In The Clod and the Pebble, Blake expresses his disapproval of the love that seeks only to please itself and to make a prisoner of the beloved. In this poem, the tyranny of love is the target of attack as much as the repression of love in various other poems. In My Pretty Rose Tree, the poet sacrifices the Opportunity of enjoying a woman’s love in order to remain faithful to his wife, but even this virtuous conduct on his part produces hostility in the wife. This means that the poet might as well have enjoyed the love that was offered to him by the other woman. The wife’s jealousy shows the kind of love that is deplored in the pebble’s love in the poem already mentioned. This jealousy is the tyrannical possessiveness which Blake finds to be often a characteristic of women’s love. In The Lily, the poet sees the possibility of danger and treachery in love (represented by the rose and the sheep), but the poet also sees the possibility that genuine innocence and love do exist (in the shape of the white lily). The Little Girl Lost and The Little Girl Found convey the idea that the passions which a growing young girl experiences should not be condemned or treated as being harmful and dangerous. These passions, particularly that of love, are symbolised by the wild animals who take charge of Lyca but do her no harm. Thus wild animals represent the human passions or energies which are also treated symbolically in the poem The Tiger. Lyca’s parents are made to recognise that their growing girl has now gone under the guardianship of Love, and is therefore perfectly secure.

Then there are poems of social protest. Blake is opposed to all kinds of oppression symbolised by the conventional religion, social institutions, schoolmasters, and even a children’s nurse. In the “Songs of Experience”, the nurse has a negative approach to children’s playing. She thinks of play as a waste of time, and she anticipates the days of maturity which will be full of deceit and suffering for the children:

Your spring and your day are wasted in play, And your winter and night in disguise.

The chimney sweeper’s distress now distinctly arouses the poet’s indignation. The little chimney sweeper’s parents have gone to the church to pray, thinking that he is contented and happy. But the child is quite aware of the “injury” that has been done to him, and so he speaks of the priest and the king as making up “a Heaven of our misery”. Holy Thursday denounces a society which permits conditions in which children have to seek charity. The poet refers to England as “a land of poverty” even though it considers itself “a rich and fruitful land”. Children can never be hungry in a land where the sun shines and the rain falls, but there are hungry children in England. London is another poem that depicts sordid and sad conditions of life. The poet sees “marks of weakness, marks of woe” in every face. He hears “the mind-forged manacles” in every voice, whether of man or child. Then there is the soldier who sheds his blood in obedience to his king, and there are the blackened chimney sweepers. Lastly, there is the tragedy of loveless marriages which compel men to go to

prostitutes and beget illegitimate children.

A Little Boy Lost depicts the cruelty of the church and its priests. A little boy is burnt to death under the orders of a priest because he dared to think for himself. Blake here brings out the full cruelty and pathos of the situation in which a small child is accused of heresy and then punished with death. The child in The Little Vagabond is critical of the church which is too puritanical and which imposes unnecessary austerities upon the people. He cannot see why God and the Devil cannot be reconciled. Why should God not show love even for the Devil ? The Schoolboy shows the frustration of a growing child’s healthy instincts. There are things which can delight the mind of a child, but the child is sent to a school which oppresses and limits hi m. The schoolmaster here represents a tyrannical influence, and the child has to spend his whole day under the schoolmaster’s supervrsmn: '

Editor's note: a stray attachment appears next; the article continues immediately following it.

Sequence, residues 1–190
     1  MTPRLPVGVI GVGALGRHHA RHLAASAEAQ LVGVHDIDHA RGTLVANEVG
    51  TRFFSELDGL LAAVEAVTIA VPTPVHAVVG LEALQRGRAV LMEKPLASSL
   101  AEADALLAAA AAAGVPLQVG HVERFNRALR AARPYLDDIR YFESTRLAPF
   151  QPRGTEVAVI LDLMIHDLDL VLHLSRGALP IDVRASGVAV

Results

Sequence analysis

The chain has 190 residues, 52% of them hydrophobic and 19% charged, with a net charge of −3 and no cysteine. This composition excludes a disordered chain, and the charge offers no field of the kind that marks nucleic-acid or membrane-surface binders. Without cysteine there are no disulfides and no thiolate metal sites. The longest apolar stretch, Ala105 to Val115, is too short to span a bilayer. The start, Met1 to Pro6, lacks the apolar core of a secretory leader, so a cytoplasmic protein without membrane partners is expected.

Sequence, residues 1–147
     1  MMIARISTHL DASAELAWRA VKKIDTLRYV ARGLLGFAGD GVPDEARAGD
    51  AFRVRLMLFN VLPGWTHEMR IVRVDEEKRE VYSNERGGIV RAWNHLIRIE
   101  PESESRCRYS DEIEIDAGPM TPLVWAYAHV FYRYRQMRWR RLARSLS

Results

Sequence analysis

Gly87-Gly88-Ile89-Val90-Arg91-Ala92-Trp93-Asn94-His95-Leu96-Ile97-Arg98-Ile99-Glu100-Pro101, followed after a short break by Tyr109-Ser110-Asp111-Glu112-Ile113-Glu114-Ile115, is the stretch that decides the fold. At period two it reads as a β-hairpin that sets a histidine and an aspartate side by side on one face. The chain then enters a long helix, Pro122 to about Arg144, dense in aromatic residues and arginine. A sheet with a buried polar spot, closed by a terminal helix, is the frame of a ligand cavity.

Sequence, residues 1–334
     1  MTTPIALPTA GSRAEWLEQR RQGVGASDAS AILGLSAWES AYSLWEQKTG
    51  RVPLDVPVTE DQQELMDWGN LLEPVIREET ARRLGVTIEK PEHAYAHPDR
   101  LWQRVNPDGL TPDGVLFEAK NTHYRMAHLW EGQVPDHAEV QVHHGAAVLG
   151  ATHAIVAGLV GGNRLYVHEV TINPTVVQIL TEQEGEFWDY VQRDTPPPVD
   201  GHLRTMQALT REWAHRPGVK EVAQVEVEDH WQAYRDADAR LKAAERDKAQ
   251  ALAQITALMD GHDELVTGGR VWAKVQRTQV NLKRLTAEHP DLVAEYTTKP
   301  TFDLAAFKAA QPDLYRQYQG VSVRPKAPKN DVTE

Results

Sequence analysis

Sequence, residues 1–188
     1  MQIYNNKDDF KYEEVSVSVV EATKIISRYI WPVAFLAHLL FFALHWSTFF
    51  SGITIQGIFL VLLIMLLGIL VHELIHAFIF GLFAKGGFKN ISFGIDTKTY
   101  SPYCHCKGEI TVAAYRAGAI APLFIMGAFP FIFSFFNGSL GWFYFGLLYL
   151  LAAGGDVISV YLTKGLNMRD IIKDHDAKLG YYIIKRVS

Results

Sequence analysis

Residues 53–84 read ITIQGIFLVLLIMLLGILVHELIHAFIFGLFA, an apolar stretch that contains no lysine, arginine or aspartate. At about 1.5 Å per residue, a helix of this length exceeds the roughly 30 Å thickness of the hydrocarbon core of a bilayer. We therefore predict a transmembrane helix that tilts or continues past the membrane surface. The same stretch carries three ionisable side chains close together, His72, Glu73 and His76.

Under a cruel eye outworn The little ones spend the day In si ghin g and dismay.

Then there are a number of poems which depict human nature as unpleasant and ugly. Infant Sorrow shows the child as “a fiend hid in a cloud”, struggling and striving in his father’s hands. T0 Tirzah shows the physical body of man as being unwelcome and unwanted in contrast with the spiritual body or the soul. In The Human Abstract, we are told that mercy and pity are used as a justification for the continued existence of poverty and misery. If mercy and pity cannot he practised except by allowing poverty and misfortune to continue, they are no longer genuine virtues. If we really pity miserable people, we would do our best to improve their condition. As in the poem London, Blake is here pointing out that man is responsible for the evils of society. The “caterpillar” and the “fly” in this poem are the various types of clergymen to whom Blake was opposed. “Mystery” is the organised religion of which Blake was an enemy. Then there is the poem A Divine Image. Here we are told that cruelty, jealousy, terror, and secrecy are human attributes. (This can mean that God too suffers from such evils, because God made man in His own image).

In short, the “Songs of Experience” give us a repellent picture of human nature and English society, though we are not shut out completely from hope. Blake’s opposition to Reason is here quite apparent. Later on, he invented a god called Urizen to symbolise Reason. The attributes of this god are all negative, attributes which hinder, such as jealousy, fearfulness, cruelty, secrecy, hatred of life and of joy. His agents are priests and kings; but his agents also include parents, nurses, school-teachers, and others in positions of some authority; they also include men and women whose love is selfish and tyrannical. The aim of Urizen is to bind, fetter. imprison, freeze. The above survey of the “Songs of Experience” shows clearly how the restrictive influences of Urizen operate upon human beings in various spheres of life, and especially in the sphere of sexual love.